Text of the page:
Film review – Arthur

ARTHUR

Arthur opens on Friday 22nd April 2011. Cert:12A Running time:110 mins

This pointless and predominately unfunny remake of the 1981 light romantic comedy – which starred ”˜Cuddly’ Dudley Moore as a loveable drunken millionaire with Sir John Gielgud as his straight-laced butler and Liza Minnelli as the kooky love interest – was meant to launch livewire comedian Russell Brand’s career as a Hollywood leading man in America. Unfortunately, Arthur has the potential to kill Brand’s acting aspirations stone cold dead at the starting gate.

Arthur

Though there has been some tinkering with the original 1981 model, essentially the basic plot of Arthur remains the same. Brand is the eccentric, child-like, English playboy billionaire Arthur Bach, a warm-hearted individual who lives a totally frivolous and ultimately empty existence in Manhattan. The alcoholic Arthur gets by on his wealth and charm, with much assistance from his resolute lifelong nanny and friend, Hobson (Helen Mirren, substituting for Gielgud’s butler). When another calamitous exploit of Arthur’s threatens the reputation of the family’s wealth generating foundation, Bach Worldwide, his vexed mother issues an ultimatum ”“ he must settle down and marry the attractive but ruthlessly ambitious corporate executive Susan Johnson (Jennifer Garner) or be disinherited without a penny.
Terrified at the prospect of having to cope for himself, Arthur reluctantly agrees to marry Susan. However, on the concourse of Grand Central Station he encounters and falls for free spirit Naomi (Greta Gerwig), an unofficial New York tour guide who shares a similar impulsiveness and romanticism to Arthur. Naomi, like Hobson, sees much unfulfilled potential in Arthur. Will Arthur stand up for what he really wants or succumb to the familiar comforts of his old way of life?

The 1981 Arthur movie was hardly a great masterwork of cinema, though incredibly successful at the box office, so on paper it should have been a suitable property for a remake/remodel. Yet the plan of producers Larry Brezner, Kevin McCormick, Chris Bender and Michael Tadross was botched.

There are numerous reasons for the abject failure of Arthur 2011. Firstly, Brand is miscast. The acerbic and strange Brand (perhaps in some scenes trying to channel the spirit of the late, great dandy/artist Sebastian Horsley) is not at all amiable like Moore. In both physicality and temperament, Brand shares more similarity with Moore’s comedy partner, Peter Cook. Like Peter Cook, Brand is not a good actor and for much of the picture he appears somewhat lost and emotionless ”“ which could be down to Jason Winer’s direction in his directorial debut. Whether Brand is a character actor with one sole character, his own, rather than an actor, definitely remains to be seen.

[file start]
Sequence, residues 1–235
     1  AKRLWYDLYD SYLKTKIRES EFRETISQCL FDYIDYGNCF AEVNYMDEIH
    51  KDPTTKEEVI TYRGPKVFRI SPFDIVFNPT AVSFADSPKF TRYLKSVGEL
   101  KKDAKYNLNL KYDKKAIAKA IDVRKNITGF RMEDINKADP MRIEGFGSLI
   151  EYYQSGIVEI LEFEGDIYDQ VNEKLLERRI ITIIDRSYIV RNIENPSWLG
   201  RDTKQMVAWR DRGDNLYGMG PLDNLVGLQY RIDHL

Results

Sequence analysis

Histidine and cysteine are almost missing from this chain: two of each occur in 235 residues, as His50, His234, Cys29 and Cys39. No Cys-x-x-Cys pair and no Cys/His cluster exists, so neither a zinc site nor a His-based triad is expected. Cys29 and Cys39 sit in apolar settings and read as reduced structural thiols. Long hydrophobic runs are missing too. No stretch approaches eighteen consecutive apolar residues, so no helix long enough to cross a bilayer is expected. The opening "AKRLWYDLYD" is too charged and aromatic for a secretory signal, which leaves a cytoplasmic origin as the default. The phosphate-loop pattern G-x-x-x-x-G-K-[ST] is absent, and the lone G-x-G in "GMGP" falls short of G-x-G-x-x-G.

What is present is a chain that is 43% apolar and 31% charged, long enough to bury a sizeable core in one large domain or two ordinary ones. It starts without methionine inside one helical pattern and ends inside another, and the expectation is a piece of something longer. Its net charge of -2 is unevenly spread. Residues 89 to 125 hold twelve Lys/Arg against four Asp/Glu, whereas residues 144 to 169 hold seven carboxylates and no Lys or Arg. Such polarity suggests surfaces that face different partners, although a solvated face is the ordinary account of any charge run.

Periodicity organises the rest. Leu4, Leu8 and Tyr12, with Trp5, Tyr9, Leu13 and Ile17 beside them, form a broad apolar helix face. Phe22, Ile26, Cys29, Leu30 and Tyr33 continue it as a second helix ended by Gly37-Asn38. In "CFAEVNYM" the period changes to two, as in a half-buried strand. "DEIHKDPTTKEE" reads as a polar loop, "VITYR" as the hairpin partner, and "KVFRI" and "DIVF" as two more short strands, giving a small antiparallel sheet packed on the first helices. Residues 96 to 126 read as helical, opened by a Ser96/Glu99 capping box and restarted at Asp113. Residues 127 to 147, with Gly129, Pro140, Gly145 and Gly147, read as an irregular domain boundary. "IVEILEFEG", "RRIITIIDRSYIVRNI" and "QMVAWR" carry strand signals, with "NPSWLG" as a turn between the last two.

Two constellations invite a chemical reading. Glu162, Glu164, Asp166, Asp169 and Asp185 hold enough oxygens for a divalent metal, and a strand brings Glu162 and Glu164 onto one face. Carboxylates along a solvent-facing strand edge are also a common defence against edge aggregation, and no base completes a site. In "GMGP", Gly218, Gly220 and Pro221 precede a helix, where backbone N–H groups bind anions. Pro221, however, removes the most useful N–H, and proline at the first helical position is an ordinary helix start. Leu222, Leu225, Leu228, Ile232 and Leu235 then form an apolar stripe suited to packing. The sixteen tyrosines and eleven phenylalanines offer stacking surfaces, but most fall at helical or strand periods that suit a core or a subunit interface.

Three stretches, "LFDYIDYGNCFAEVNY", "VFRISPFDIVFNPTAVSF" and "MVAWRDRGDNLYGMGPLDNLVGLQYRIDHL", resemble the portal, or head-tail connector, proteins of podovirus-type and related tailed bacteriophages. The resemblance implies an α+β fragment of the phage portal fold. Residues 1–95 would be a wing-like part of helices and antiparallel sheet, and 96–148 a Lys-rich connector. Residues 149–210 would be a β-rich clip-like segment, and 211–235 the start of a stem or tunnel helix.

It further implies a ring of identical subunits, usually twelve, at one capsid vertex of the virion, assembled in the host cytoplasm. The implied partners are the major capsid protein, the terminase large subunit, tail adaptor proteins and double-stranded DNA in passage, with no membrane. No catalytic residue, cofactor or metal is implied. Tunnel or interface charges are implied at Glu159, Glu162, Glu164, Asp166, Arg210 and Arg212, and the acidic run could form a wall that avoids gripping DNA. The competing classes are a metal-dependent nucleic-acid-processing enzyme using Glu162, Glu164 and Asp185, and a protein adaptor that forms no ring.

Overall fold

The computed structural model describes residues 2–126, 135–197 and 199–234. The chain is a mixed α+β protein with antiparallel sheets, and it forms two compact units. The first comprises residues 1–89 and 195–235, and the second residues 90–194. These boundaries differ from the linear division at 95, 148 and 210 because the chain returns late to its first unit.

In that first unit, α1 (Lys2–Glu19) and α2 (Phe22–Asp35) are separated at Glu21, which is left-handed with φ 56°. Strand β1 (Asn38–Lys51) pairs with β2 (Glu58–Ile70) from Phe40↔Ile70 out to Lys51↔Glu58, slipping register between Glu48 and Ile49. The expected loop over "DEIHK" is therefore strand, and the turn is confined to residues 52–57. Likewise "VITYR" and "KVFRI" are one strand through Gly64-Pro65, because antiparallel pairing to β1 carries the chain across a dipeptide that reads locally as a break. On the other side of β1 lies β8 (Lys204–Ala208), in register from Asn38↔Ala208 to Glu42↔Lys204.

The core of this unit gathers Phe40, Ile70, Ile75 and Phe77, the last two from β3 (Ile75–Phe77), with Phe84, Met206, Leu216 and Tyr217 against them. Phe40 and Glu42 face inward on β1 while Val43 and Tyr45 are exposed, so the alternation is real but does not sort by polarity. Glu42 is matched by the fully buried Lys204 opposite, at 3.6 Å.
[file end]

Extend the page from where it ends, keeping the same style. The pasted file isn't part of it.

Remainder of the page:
The slightly haggard Dudley Moore was very convincing as an alcoholic (for obvious reasons), but the waxed and toned Brand simply looks like a former drug addict who has been very adept at looking after himself. Also perhaps in 2011 alcoholism is not as inherently ”˜funny’ as it was considered to be in 1981, which would account for the inclusion of a couple scenes depicting visits to Alcoholics Anonymous.
Though his numerous detractors will have a field day with this picture, Brand is undoubtedly a talented stand-up comic with a sharp wit and highly inventive imagination. But within the confines of this staid and distinctly old-fashioned Hollywood vehicle (Arthur was even pretty anachronistic in 1981), Brand’s strengths (spontaneity, comedic antagonism and daring) are all but airbrushed away. Furthermore, would we rather not see Brand given free-range to practice his anarchic humour than having to endure watching him learn ”˜valuable life lessons.’ Maybe times are too hard to feel the pain of a dissolute billionaire.

The failure of Arthur as a modern day fairy tale is not all down to Russell Brand. The underrated Garner’s Susan is far more charismatic and interesting than Gerwig’s bland Naomi, the amusing Luis Guzman is completely underused as Arthur’s driver (his character seems to solely exist in Peter ”˜Borat’ Baynham’s script so that Brand will not repeat Dudley Moore’s scenes of drunk driving) and the legendary Nick Nolte steals the picture from the polished Mirren as Susan’s harder than nails, overly protective, successful father. Yet it will be Brand whom one suspects will be left carrying the can for this unsatisfying mess.

At least an updated savaging of Christopher Cross’ admittedly appalling original 1981 Arthur theme song runs over the closing credits, so you can miss it.

Copyright © Ian Johnston 2011

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